“So developers who have an awareness of design and designers who have an awareness of development are attractive qualities valued by potential employers,” he claims.
Inspiring NZ women in tech
Going forward, Burley believes New Zealand is working toward closing the gender gap in IT thanks to a number of women in tech groups and support networks.
The New Zealand Technology Industry Association regularly facilitate Women’s Tech Exec Lunches and Girl Geek Dinners New Zealand have meet ups throughout the country with a focus on connecting supporting and motivating women working in, or passionate about, technology.
The Auckland chapter have branded themselves Refactor and their regular dinners provide a space for women in tech to network and interact with industry players like Microsoft New Zealand and Catalyst, who make guest appearances at these events.
“The startup scene in New Zealand is thriving,” Burley adds. “And many New Zealand based companies are exporting their products and services abroad.”
In this space, PledgeMe founder Anna Guenther is leading the charge when it comes to female entrepreneurship on the New Zealand tech scene.
“Anna kicked off the business when she was in the midst of a Master’s thesis on crowdfunding,” Burley adds.
“Three years on it’s one of the most successful crowd sourced funding platforms to be in operation in Aotearoa.”
Furthermore, Co.ofwomen, a New Zealand hub of entrepreneurial women, was founded by IT industry expert Tara Lorigan.
Lorigan has worked for the likes of Apple, Sun, IBM and 3Com.
“After moving back to New Zealand from London she worked with a range of small businesses before running the AUT Innovation Park where she helped to developed the Rapid Growth Programme,” Burley explains.
“Through co.ofwomen she helps to mentor those in the IT industry, and help better connect women across various industries in New Zealand, including IT.”
According to Burley, the IT sector is growing, with ICT contributing 5 percent to New Zealand’s GDP, and employing 3.2 percent of New Zealand’s workforce.
“The demand for IT skills is growing and employers are reporting some difficulty in finding the right talent,” he adds.
With new ICT technologies growing and diversifying the tech world, Burley also believes that employers are looking to source workers that can adopt these new technologies and pick up the skills necessary to deliver them.
“Overwhelmingly employers are reporting that the number one reasons for hiring in 2015 is new projects,” he adds.
“ICT is only going to get bigger as the business world needs faster and smarter ICT solutions.”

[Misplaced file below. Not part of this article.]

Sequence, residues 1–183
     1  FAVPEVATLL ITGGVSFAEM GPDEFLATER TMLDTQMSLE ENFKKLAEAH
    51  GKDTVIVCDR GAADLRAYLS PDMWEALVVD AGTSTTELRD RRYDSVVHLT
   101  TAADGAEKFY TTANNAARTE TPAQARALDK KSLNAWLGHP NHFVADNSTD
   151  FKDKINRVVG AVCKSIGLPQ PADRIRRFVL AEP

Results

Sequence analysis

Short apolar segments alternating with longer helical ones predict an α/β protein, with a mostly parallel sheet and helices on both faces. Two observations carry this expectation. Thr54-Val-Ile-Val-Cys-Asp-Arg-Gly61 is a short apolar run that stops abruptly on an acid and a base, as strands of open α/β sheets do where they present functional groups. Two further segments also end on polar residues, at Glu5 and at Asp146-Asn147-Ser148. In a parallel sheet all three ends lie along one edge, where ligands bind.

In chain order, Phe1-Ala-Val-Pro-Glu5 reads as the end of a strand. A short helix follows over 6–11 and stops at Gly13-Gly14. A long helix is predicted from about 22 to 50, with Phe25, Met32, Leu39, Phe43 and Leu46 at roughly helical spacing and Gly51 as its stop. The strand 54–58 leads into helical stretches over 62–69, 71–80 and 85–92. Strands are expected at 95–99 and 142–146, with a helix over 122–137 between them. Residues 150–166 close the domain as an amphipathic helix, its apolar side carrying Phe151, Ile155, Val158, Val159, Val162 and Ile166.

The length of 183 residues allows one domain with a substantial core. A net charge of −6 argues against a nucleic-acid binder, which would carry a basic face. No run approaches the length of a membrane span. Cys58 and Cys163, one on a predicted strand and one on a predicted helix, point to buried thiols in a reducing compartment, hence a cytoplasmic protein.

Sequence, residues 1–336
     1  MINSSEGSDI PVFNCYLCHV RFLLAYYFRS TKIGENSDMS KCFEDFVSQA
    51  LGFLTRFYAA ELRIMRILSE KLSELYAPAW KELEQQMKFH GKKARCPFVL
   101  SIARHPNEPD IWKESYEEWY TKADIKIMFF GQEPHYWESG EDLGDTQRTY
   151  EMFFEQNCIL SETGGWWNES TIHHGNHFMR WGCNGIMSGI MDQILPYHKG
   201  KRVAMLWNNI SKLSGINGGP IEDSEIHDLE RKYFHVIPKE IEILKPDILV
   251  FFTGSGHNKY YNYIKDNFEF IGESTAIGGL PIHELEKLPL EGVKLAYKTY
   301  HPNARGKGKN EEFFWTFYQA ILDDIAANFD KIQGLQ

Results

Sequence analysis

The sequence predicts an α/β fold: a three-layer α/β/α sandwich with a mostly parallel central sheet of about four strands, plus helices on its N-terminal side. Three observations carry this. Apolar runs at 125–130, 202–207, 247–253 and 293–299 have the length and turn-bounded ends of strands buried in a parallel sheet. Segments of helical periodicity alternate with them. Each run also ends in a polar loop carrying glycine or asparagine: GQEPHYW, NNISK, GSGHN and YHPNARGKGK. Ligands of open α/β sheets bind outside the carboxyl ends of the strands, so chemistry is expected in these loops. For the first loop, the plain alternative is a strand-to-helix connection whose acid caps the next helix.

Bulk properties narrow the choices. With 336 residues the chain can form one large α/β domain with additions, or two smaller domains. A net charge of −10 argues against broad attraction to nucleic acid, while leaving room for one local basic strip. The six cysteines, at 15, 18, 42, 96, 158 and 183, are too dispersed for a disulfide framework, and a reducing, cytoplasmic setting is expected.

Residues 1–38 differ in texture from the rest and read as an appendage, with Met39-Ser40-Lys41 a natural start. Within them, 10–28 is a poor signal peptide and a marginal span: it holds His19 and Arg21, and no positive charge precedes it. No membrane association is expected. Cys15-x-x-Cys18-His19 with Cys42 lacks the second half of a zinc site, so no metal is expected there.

Women in demand in tech
Burley says the top 3 skillsets in demand for ICT employers this year are:
• Business Analysts
• Project Manager
• Software Developer
“The business analysts space is one area women are taking charge, with more women in these roles than any other area of IT in New Zealand,” Burley says.
“The role of a Business Analyst requires a broad skill-set; problem solving, critical thinking, and great communication and documentation skills.
“For one reason or another, women seem to juggle these skills often better than men.”
Absolute IT’s Employer Insight Survey finds that major challenges for IT employers centre around attracting and retaining the right staff, and creating a positive workplace culture.
“Addressing the gender wage gap and the gender imbalance in IT is just one way IT companies can overcome these challenges,” Burley adds.
Globally speaking, Apple has made a commitment to addressing inequality across its workforce, openly sharing the makeup of its workforce and Intel has put US$300 million toward addressing their diversity problem.
Initiatives include a new partnership with the International Game Developers Association, a nonprofit that will send 20 US female college students to a game developer conference with Intel’s support.
“Here in New Zealand,” observes Burley, “tech start ups, along with the bigger firms, are making workplace culture a priority, creating diverse workspaces that cater to a range of employee needs.”
As an example, Vodafone New Zealand has implemented a global policy for compulsory 16 weeks fully-paid maternity leave in a bid to retain their female tech talent.
In addition, ANZ Bank in partnership with the Wellington Institute of Technology (WelTec) are encouraging more women to study IT by offering a graduate award and an internship programme to its students.